by David Sisler

This story is told about the Indians in the American Southwest. It could have been told about almost any group of people, living anywhere on this planet, at any time in history. Just change a few of the details, and it will fit into any culture.

Many years ago, Indian braves would go away into solitude to prepare for manhood. One boy hiked into a beautiful valley. As he looked at the flowers, the trees, the green grass, he noticed a rugged mountain off in the distance.

“I will test myself against that,” he thought. He gathered a few of his belongings, a heavy shirt and a blanket, and set off for the pinnacle.

When he reached the top, he could see the rim of the world. He could see forever, and his heart swelled with pride. No one in his tribe had ever reached such a height. Then he heard a rustle at his feet. Looking down, he saw a snake. Before he could move, the snake spoke.

“I am about to die,” said the snake. “It is too cold for me up here, and there is no food. Put me under your shirt and take me down to the valley.”

“No,” said the young man. “I know your kind. You are a rattlesnake. If I pick you up you will strike and your bite will kill me.”

“Not so,” said the snake. “I will treat you differently. If you do this for me, I will not harm you.”

The young brave resisted for a while, but this was a very persuasive snake. At last he tucked the snake under his shirt and carried it down to the valley. There he laid it down gently. Suddenly the snake coiled, rattled and leaped, biting the boy on the leg.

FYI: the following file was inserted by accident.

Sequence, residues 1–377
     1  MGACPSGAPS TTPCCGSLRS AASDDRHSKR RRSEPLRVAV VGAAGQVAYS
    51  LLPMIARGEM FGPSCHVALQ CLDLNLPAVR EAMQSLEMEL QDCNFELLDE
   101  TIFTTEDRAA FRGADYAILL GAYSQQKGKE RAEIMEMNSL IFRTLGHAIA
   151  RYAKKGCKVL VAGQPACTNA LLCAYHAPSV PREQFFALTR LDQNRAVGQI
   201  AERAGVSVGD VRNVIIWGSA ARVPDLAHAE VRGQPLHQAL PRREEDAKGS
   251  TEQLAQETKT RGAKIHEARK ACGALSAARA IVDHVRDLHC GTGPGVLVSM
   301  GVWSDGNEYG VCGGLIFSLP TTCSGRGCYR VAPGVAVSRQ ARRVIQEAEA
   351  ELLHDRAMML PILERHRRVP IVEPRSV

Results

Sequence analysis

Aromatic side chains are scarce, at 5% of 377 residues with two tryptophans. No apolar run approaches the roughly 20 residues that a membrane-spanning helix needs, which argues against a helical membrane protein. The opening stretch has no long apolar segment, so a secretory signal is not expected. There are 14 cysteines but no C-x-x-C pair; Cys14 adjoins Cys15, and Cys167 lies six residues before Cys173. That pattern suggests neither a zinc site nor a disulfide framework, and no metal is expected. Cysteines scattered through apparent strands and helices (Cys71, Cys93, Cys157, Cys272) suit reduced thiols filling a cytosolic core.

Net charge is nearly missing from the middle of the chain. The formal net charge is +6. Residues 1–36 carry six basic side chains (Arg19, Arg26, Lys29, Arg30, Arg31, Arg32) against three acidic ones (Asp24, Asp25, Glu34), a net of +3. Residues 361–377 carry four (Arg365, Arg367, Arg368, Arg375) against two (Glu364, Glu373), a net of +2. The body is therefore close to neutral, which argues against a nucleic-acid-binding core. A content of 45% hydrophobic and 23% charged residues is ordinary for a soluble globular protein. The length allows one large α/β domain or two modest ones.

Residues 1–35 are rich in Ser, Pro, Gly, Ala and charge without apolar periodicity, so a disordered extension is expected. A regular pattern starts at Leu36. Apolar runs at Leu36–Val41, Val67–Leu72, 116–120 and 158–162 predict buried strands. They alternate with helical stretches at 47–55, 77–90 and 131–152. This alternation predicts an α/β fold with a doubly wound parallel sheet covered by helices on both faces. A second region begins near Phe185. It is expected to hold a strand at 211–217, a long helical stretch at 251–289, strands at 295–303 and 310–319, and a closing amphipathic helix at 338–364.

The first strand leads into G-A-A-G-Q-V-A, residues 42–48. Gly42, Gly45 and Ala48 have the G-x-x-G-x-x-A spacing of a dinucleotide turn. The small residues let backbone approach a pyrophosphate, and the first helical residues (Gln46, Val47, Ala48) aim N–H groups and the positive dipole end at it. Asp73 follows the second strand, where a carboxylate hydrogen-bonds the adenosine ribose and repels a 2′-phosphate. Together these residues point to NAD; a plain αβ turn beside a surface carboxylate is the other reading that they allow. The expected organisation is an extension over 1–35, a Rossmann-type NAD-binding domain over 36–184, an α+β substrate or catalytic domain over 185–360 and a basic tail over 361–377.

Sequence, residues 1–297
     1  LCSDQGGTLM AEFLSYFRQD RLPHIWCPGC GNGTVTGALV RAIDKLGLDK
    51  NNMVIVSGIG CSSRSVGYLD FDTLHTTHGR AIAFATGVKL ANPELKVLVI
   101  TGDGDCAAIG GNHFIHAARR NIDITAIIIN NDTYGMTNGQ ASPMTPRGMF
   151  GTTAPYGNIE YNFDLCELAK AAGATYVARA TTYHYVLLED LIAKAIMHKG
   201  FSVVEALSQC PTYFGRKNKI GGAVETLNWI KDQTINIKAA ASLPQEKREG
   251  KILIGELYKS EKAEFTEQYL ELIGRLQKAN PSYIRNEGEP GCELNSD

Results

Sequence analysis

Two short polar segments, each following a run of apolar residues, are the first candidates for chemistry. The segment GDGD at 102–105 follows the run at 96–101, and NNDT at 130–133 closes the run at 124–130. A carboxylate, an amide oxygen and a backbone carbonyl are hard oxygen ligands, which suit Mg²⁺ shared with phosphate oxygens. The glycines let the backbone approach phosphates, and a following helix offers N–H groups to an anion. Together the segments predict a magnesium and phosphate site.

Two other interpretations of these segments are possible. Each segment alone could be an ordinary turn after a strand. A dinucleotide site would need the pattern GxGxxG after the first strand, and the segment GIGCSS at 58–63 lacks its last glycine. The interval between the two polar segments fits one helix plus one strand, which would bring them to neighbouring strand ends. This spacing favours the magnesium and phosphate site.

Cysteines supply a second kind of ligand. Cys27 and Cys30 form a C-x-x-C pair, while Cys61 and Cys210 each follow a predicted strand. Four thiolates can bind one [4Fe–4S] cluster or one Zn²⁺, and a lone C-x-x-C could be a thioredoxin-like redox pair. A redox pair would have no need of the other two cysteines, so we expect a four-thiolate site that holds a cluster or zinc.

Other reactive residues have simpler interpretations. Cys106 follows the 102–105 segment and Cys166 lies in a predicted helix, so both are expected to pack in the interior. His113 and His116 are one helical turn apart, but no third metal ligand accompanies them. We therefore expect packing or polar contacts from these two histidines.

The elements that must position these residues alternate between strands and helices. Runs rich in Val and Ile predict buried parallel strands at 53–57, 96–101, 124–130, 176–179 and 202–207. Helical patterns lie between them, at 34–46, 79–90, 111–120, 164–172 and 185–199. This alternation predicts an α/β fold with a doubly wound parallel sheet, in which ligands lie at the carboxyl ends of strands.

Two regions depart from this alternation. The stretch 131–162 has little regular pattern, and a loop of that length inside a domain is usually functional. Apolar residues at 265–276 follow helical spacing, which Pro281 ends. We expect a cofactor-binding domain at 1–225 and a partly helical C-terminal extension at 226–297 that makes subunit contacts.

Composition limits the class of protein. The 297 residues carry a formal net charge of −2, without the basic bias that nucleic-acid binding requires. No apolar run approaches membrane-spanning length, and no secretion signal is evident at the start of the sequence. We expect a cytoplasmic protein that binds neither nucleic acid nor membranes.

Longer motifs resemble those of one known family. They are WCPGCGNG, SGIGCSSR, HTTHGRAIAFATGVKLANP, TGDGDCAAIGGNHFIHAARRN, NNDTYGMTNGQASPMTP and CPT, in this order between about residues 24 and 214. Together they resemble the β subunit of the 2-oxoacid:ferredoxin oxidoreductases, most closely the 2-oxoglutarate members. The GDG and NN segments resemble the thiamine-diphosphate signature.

“But you promised!” cried the young man.

“You knew what I was when you picked me up,” said the snake as it slithered away.

One day Satan, that old serpent, transported Jesus to the highest pinnacle in Jerusalem. Below them they could see all the milling mobs. “I want you to throw yourself down,” Satan said, “for I know it is written the angels have charge over you, concerning you, to guard you, and they will bear you up with their hands lest you strike your foot.”

The whole world is open to show business. The whole world likes a spectacular. The whole world likes something no one can explain. No drapes, no shrouds, no strings. “Look, Ma, no strings!”

“Throw yourself down from the pinnacle,” Satan said. “You will land without injury. The crowd will believe you are a miracle worker, and hang on your words, and give you the attention you desire. They will hang on everything you say because you can do it over and over and over again, and no one will ever be able to explain it.”

That was the advantage – and in the imagination of Jesus, he could see that. But Jesus replied very simply: “You shall not put the Lord to the test.” In this temptation Jesus proved faithful to himself.

It was a common expectation in Jewish society that the Messiah would appear in sudden splendor. Suddenly he would flash upon their eyes in a dramatic and overwhelming way. But Jesus knew that such things were not the signals of his coming. He knew that the Kingdom must grow as a mustard seed, little by little, and through faith.

Some of your greatest temptations may come when you are at the very top. You may not literally be on the top of a mountain, or on the top of a high building, but spiritually, you may just have won an incredible victory. You paid the price and in devotion have drawn closer to your Lord. Even here Satan will attack you. Never let down your guard. Remember what the dying Indian boy heard, “You knew what I was when you picked me up”


Copyright 2003 by David Sisler. All Rights Reserved.

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